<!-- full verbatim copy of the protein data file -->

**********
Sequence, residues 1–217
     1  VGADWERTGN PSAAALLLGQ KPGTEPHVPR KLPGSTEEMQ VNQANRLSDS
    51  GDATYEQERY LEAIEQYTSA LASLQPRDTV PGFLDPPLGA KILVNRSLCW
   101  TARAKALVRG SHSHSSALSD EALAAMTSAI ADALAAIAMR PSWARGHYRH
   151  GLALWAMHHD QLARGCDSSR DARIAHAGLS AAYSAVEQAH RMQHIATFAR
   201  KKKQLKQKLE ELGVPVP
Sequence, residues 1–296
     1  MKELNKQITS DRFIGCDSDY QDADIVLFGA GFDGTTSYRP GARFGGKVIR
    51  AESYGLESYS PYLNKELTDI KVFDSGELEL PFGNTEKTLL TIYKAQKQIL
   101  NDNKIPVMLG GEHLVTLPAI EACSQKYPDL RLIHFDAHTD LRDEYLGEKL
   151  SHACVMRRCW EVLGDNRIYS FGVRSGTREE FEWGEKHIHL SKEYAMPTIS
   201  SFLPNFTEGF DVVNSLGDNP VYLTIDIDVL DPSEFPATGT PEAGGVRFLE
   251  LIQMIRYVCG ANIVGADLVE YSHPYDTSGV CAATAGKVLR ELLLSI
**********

Sequence, residues 1–217
     1  VGADWERTGN PSAAALLLGQ KPGTEPHVPR KLPGSTEEMQ VNQANRLSDS
    51  GDATYEQERY LEAIEQYTSA LASLQPRDTV PGFLDPPLGA KILVNRSLCW
   101  TARAKALVRG SHSHSSALSD EALAAMTSAI ADALAAIAMR PSWARGHYRH
   151  GLALWAMHHD QLARGCDSSR DARIAHAGLS AAYSAVEQAH RMQHIATFAR
   201  KKKQLKQKLE ELGVPVP
Sequence, residues 1–296
     1  MKELNKQITS DRFIGCDSDY QDADIVLFGA GFDGTTSYRP GARFGGKVIR
    51  AESYGLESYS PYLNKELTDI KVFDSGELEL PFGNTEKTLL TIYKAQKQIL
   101  NDNKIPVMLG GEHLVTLPAI EACSQKYPDL RLIHFDAHTD LRDEYLGEKL
   151  SHACVMRRCW EVLGDNRIYS FGVRSGTREE FEWGEKHIHL SKEYAMPTIS
   201  SFLPNFTEGF DVVNSLGDNP VYLTIDIDVL DPSEFPATGT PEAGGVRFLE
   251  LIQMIRYVCG ANIVGADLVE YSHPYDTSGV CAATAGKVLR ELLLSI